exploring a woman's alternative realities after she misses a train. The film examines both if she had caught the train and if she hadn't, and how her life would have changed. The two story lines cross cut between one another, as we see our protagonist Helen (Gwyneth Paltrow) end up in similar places under each alternate reality, only under different circumstances. Sliding Doors exhibits the possibilities of fate, chance and how small decisions can affect ones life in a large way.
The concept is quite brilliant, but the disappointment set in as I saw it being a applied to quite a languid story. Although there was sympathy to be had for Helen,…
The original Source Code
In college, several of my friends were OBSESSED with this movie. They insisted I watch it too. "Oh, it's that chick from 'Shakespeare in Love,' she's OK," I replied. I hated this movie. Oh, your boyfriend cheated on you, and in one universe you find out about it and in another you don't? And in one universe you get knocked-up by one dude, and in the other you get knocked-up by the other? And in one you're blonde and in the other mousy brown? Faaaascinaaating. I would've much rather watched a movie about Jeanne Triplehorn's character. She stole the show repeatedly.
slimy man in a boat in this movie
Strange movie until u get in2 the groove of it then it's awesome.
Cute, and really makes you think. But that's about it.
The parallel universe gimmick doesn't sustain interest as intended and Gwyneth Paltrow is rather unlikable with her snooty British accent.
In unrelated news, I really miss London and want to go back ASAP.
Peter Howitt’s Sliding Doors has been hanging around for the past month as the meteor and monster movies line up at the multiplexes around town, oozing hype as they engage in a seemingly endless demolition derby. By welcome contrast, Sliding Doors is a surprisingly clever demonstration of the way a very tired type of French bedroom farce can be rejuvenated simply by making the doors slide rather than slam, and by disguising the ridiculous predictability of the plot by splitting it into two symmetrical stories out of sync by only the few seconds it takes for Gwyneth Paltrow’s Helen either to get past the sliding doors into her underground train, or to miss the train.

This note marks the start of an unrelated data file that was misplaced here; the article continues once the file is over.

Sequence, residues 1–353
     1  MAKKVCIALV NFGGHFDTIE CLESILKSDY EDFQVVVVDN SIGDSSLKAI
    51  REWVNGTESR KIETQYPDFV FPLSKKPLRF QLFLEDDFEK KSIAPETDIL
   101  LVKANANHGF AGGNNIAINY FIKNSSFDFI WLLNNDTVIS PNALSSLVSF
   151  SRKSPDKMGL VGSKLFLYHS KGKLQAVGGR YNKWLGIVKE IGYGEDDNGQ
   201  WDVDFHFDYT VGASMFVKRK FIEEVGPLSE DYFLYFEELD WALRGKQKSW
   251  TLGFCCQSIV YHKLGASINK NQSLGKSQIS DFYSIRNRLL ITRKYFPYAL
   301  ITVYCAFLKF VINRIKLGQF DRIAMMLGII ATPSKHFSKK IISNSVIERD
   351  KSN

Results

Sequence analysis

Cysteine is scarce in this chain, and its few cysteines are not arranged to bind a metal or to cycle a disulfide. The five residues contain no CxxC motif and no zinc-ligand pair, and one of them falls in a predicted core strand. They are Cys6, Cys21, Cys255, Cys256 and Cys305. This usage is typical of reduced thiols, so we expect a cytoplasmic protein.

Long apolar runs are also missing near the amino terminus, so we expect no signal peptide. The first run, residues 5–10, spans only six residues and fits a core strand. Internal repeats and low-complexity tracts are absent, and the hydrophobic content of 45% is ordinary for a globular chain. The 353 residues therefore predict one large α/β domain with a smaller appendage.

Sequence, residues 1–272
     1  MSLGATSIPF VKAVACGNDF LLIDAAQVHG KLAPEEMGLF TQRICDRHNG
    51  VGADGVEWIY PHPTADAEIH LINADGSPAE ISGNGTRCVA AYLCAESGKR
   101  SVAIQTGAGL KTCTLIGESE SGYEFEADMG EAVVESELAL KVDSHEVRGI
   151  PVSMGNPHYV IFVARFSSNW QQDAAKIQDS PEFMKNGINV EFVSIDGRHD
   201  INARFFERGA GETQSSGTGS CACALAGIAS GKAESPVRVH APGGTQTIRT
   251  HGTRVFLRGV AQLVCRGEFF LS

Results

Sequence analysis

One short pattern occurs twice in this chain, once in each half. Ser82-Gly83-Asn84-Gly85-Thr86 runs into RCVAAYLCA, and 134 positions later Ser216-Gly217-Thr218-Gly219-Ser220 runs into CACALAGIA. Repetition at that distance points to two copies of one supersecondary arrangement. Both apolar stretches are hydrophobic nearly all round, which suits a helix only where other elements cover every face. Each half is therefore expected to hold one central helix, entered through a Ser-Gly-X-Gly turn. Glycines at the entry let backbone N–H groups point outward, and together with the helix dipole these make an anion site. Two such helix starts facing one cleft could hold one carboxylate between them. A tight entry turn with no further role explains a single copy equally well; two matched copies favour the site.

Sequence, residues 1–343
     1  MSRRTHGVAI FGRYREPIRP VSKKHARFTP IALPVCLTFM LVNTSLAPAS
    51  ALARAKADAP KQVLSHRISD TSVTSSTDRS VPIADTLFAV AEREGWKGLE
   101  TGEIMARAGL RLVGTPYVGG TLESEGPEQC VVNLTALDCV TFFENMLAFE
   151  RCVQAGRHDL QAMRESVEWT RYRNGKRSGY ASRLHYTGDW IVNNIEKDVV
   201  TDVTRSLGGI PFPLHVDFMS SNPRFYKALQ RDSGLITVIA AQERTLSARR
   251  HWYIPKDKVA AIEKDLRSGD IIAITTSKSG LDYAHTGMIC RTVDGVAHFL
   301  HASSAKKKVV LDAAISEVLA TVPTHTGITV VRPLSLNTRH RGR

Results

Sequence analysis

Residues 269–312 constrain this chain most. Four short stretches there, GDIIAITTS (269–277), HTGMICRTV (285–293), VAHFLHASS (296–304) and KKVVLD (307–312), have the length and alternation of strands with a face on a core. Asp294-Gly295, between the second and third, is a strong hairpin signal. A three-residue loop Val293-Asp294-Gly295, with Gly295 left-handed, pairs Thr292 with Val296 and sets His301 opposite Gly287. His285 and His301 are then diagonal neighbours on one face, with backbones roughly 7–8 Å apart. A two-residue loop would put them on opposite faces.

In the first story, Helen…
I don't why I like this movie when truly every character is insufferable and unrelatable. Old habits die young. The concept is still cool. Also is Gwenyth British? Ugh she is very annoying.
‘Sliding Doors’ is a British romantic comedy over which the shadow of ‘Four Weddings and a Funeral’ looms large. It feels absolutely feels like a poor man’s Richard Curtis film, without any of the tact, whit, insight or likeable characters. It is so overladen with rom-com clichés, with last-minute dashes, kissing in the rain, public declarations of love and so on, with all of this becoming increasingly cheesy and tooth-grating. It also contains as many British-isms as physically possible, clearly in an attempt to milk the audience that made ‘Four Weddings’ so popular, but mainly does this through endless usage of modern British swearing, particularly ‘bollocks’, ‘wanker’, ‘tosser’, rather than any sort of genuine observation.
The characters are also extraordinarily…